How will British Columbia step through this portal, this gateway?

BC, by global standards, appears to be faring better in its response to the pandemic than many other jurisdictions, though its economy has all but ground to a halt in order that public health measures to create physical distance and isolation can prove their effects.

In order to address the economic shocks to the province the government has set up an Economic Recovery Task Force to help advise the Premier, Minister of Finance, Minister of Jobs Economic Development and Competitiveness and other members of cabinet on our recovery. It includes the Business Council of BC, the BC Chamber of Commerce, Vancouver Board of Trade, Surrey Board of Trade, the BC Federation of Labour, First Nations organizations and the non-profit sector (I believe represented by SUCCESS).

I applaud the government for including First Nations organizations, labour, and the non-profit sector – in many other jurisdictions such a table might be limited to chambers of commerce and boards of trade alone.

However, my concern is whether this group has been tasked with advising the government on how it can help the economy recover and rebound, or how it can create an economy that helps British Columbians recover and rebound?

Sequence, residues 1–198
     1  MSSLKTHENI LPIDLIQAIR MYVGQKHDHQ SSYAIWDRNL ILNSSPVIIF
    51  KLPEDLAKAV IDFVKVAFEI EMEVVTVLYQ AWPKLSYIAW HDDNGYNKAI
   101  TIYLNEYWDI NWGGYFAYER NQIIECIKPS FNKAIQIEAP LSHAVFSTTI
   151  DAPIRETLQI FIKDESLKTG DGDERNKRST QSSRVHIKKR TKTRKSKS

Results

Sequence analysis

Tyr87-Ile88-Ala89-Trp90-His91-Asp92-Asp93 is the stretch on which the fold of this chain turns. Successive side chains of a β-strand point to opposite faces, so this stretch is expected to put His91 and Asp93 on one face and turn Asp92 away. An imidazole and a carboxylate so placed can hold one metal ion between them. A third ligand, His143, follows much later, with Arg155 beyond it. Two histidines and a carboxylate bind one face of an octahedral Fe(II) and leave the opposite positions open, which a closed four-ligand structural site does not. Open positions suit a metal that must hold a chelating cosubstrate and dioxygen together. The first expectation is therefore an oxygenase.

These would be two very different tasks.

What might B.C.’s place in the post-pandemic world look like?

The previous global economy, and the international system of rules-based liberal institutions that governed it, has lost its traditional pillar of leadership in the United States. While Donald Trump may very well be elected out of office in the near future, “Trumpism” or America’s brand of the recent populism that has taken root across the world is poised to linger like a mold over American domestic and foreign policy.

With this in mind, B.C. risks restarting an economy for a world that no longer exists.

When Trump invoked the War Powers Act to block Minnesota’s 3M from shipping face masks to Canada, masks that were bought and paid for, it was a clear sign that B.C. and Canada have to be prepared to be more self-sufficient in the 21st century. This includes strengthening our own food systems, building energy independence, and possibly even production of medical grade equipment like masks and gowns which are made from the very raw materials our pulp mills were built for. The latter are likely to be in increasing demand as spread of infectious disease has been forecasted to increase due the effects of climate change.